Recently, one of our blog readers wrote in asking about the job prospect in Australia. The name and his/her job details have been changed to protect his/her identity
Our blog reader Mr Desmond Lim bought our book Migrating to Asutralia Good meh??? a few months back. He wanted to know more about job hunting in Australia. Mr Lim works in a Malaysian based MNC company. He has been trying his luck for job hunting in Australia for 6 weeks. Due to his VISA restriction, he can only find jobs in South Australia. He found that there are limited job for sub-sea engineer or oil rig engineer in www.seek.com.au. He wonders if there other way to get more job advertisement.
Currently he has an offer for a 3 months contract as an engineer but he is not too sure whether he should accept the offer because he is still being employed in Malaysia and worry about unemployment after 3 months and wanted me to give him some perspectives.
Below is my reply to Mr Lim. You might find it relevant.
From: Ken Soong
To: Desmond Lim
Date: 22 may 2016
Thanks for buying our book. Hope you find it useful in one way or another.
It is quite hard to find job now in Australia - any job. That means full time jobs are even harder to get.
Difficult but not impossible. Usually, one has to start as a casual/contractual staff like the one you have found. But there is no guarantee after three months you will get the full time job with them or even to re-new contract for another 3 months.
It really depends what is more important to you. Yes that is the uncertainty migrants have to live with. It is scary and not that scary at the same time. It depends on how much financial buffer you have. But one thing is certain, Australia is surely not as promising as most Malaysians imagined it to be - especially for migrants who have to work to survive. I of course belong to this category.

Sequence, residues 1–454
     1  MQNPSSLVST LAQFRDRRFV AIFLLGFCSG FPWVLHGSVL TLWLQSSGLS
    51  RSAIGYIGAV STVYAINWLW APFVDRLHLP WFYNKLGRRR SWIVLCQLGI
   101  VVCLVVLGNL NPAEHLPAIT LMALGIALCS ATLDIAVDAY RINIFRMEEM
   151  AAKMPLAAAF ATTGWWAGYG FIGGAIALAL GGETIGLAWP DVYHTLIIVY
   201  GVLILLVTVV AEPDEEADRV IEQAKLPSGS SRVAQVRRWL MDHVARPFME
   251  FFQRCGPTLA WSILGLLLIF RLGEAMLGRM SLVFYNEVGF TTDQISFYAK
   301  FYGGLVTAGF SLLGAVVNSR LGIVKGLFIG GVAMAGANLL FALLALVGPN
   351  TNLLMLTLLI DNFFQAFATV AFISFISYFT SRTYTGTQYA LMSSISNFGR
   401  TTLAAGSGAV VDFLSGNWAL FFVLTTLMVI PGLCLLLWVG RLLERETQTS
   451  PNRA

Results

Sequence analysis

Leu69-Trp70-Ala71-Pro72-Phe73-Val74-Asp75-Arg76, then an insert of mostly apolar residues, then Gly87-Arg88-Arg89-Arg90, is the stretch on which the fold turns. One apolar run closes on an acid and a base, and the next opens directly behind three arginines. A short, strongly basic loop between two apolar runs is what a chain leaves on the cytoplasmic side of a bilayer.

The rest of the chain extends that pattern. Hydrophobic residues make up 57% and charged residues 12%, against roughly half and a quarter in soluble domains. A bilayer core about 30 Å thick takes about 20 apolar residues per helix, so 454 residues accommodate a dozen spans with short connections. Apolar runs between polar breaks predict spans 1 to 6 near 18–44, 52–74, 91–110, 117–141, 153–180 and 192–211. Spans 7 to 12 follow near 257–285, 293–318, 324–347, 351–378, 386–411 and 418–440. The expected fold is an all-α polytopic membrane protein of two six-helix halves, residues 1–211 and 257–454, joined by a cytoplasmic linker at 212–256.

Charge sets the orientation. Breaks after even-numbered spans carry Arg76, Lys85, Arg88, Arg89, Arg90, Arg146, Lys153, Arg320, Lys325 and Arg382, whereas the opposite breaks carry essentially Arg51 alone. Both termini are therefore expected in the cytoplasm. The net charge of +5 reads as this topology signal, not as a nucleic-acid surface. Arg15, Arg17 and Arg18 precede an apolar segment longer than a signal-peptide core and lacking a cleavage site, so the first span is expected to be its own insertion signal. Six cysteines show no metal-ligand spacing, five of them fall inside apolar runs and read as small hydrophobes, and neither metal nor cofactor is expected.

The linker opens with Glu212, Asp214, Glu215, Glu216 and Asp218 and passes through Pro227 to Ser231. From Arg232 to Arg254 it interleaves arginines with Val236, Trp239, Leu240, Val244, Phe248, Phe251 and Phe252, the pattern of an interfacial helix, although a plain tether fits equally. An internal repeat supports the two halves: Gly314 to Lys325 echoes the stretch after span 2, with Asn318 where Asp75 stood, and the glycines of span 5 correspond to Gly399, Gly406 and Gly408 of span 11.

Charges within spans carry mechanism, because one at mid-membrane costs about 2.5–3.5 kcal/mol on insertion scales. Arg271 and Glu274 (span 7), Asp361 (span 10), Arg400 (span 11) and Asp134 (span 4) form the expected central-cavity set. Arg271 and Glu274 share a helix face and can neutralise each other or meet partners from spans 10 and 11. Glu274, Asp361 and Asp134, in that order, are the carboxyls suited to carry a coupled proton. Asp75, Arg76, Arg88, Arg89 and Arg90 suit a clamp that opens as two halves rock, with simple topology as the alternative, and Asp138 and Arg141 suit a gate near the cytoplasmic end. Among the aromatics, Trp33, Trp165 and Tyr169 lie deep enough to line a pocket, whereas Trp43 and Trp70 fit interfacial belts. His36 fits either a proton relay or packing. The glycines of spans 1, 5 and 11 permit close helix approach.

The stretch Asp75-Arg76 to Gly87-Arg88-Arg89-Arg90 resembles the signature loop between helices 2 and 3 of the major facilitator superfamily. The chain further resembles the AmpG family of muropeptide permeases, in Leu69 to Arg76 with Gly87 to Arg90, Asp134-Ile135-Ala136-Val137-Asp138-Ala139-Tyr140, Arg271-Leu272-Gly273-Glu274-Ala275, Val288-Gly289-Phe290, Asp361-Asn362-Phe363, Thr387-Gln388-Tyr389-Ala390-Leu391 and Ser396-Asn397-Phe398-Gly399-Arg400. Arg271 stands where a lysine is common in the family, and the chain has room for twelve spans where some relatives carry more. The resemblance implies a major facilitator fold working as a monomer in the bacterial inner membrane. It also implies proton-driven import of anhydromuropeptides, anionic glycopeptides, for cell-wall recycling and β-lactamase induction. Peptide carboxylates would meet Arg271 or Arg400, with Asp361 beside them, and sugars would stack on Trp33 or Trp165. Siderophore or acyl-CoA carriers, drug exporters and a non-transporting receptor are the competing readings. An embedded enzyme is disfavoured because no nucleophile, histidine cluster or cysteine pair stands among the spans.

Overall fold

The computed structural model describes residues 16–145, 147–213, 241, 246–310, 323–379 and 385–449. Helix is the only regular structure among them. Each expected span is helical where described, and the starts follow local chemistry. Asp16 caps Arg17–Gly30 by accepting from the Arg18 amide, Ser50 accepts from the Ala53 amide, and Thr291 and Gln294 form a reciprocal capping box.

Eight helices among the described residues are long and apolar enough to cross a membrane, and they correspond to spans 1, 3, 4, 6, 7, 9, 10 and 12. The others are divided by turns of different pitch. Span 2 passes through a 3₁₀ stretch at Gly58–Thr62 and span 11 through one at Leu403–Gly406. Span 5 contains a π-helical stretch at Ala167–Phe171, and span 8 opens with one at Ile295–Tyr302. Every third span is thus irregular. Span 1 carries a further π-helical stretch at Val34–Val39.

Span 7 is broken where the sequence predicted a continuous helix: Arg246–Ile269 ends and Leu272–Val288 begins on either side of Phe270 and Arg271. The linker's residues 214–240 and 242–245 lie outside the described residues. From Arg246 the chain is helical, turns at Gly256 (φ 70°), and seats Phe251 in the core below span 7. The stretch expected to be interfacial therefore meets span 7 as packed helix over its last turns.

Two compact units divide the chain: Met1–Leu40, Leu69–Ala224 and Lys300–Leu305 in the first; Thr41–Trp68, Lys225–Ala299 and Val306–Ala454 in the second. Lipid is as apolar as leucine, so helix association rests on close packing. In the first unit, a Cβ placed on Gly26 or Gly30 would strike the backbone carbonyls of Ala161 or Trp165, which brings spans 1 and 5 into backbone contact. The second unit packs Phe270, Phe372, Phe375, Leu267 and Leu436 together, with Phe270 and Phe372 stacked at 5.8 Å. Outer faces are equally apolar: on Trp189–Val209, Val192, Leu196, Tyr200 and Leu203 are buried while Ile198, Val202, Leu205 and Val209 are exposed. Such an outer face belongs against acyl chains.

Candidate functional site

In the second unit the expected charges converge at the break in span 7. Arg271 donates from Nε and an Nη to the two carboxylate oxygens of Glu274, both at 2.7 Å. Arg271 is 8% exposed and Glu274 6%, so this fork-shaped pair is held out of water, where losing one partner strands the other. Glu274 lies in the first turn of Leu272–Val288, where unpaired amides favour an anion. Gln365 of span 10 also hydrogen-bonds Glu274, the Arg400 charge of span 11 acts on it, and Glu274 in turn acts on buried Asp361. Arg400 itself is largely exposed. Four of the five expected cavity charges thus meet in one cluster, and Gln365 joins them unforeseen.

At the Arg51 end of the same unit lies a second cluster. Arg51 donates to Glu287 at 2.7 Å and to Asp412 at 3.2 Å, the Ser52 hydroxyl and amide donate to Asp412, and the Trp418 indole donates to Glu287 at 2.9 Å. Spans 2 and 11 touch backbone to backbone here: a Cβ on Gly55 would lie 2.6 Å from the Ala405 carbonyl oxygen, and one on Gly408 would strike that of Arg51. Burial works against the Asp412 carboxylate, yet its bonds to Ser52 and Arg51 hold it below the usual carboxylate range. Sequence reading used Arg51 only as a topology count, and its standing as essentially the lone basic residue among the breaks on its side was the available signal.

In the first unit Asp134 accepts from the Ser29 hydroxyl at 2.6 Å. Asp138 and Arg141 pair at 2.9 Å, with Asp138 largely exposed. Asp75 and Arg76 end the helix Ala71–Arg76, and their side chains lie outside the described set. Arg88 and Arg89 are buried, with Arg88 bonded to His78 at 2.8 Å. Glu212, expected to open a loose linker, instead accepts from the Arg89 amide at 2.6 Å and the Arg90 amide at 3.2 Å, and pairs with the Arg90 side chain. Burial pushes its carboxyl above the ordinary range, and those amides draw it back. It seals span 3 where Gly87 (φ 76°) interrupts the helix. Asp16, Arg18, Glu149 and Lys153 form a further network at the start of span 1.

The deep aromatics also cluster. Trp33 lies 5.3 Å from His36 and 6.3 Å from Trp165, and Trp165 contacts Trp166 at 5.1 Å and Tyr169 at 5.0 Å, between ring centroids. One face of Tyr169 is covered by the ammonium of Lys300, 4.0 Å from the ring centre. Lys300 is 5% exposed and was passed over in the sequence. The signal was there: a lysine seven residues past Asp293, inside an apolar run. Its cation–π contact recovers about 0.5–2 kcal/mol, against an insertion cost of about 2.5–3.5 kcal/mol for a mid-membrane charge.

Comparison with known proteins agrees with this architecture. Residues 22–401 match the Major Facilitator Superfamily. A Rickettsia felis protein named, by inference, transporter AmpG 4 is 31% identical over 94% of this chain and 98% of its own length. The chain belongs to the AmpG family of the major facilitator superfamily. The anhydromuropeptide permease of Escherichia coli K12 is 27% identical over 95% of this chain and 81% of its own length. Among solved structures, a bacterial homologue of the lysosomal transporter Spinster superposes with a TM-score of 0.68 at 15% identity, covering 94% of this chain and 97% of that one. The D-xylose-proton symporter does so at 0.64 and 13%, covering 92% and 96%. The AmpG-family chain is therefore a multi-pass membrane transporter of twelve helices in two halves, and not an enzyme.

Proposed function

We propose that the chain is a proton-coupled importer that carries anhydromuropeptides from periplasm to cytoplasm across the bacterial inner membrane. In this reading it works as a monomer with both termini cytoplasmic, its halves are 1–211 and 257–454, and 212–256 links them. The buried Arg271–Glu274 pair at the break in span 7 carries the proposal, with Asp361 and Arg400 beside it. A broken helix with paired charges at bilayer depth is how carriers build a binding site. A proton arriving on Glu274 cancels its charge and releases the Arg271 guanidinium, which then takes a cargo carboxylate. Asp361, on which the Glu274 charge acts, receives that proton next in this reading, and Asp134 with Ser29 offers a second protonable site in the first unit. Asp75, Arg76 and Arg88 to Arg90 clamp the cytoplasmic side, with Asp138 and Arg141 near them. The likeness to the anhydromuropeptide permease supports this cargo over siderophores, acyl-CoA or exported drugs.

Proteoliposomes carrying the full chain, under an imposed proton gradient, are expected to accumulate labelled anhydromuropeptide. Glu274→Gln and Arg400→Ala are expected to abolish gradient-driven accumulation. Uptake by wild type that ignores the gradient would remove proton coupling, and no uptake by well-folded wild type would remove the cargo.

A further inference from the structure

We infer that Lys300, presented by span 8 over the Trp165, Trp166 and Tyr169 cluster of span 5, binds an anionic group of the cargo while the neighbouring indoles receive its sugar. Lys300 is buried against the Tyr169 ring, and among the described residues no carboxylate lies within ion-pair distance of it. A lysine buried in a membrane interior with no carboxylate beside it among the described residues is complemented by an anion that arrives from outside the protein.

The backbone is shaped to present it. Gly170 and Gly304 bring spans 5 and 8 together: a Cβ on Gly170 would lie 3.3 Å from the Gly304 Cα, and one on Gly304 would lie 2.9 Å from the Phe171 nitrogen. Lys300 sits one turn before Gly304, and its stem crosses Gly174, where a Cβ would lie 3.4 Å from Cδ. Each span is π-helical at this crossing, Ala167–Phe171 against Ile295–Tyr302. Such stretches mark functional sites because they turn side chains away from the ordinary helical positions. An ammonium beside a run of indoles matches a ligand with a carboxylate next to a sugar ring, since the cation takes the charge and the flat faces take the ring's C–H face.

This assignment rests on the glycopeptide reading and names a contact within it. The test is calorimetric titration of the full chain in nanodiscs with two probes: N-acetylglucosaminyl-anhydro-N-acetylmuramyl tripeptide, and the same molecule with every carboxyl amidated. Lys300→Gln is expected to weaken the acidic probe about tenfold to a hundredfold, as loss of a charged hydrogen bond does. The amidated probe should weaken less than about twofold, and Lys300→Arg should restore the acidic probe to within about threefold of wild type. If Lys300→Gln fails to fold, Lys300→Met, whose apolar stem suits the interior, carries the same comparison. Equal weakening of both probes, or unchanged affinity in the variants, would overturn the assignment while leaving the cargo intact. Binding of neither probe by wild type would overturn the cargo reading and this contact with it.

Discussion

'Scary' in the sense you might not get back the same career opportunity here in Australia.
'Not so scary' because you might soon get used to doing something lesser than you are qualified to do. And then you see your kids settling well here in a relatively safe environment. That of course depends on which suburb you live in.
'Not so scary' also because after some time, with persistence, patience and maybe some luck, you are able to do something close to or even exceed your expectations.
In answering your question if there are more ways to search for jobs other than the job sites online, may i suggest you do as suggested in the next paragraph.
Write to them directly. But do not just send them your cover letter and resume. Do some research on their corporate history and operations, write a three to five-page proposal on how you can contribute by increasing their revenue, reducing their costs and further build up their reputation in a specific area. In other words, show them your commitment in thinking through their problems. This way, anyone who reads your proposal, cover letter and resume would not have wasted their time. Of course, the more useful your proposal is, the worthwhile is his/her time spent reading it.
Are you currently in Malaysia or in Australia? I see you carrying an Australian mobile number. On leave from your current job in Malaysia? I will be in the city from Monday till Thursday. We can meet up - if you want.
Ken (firstname.lastname@example.org, email@example.com)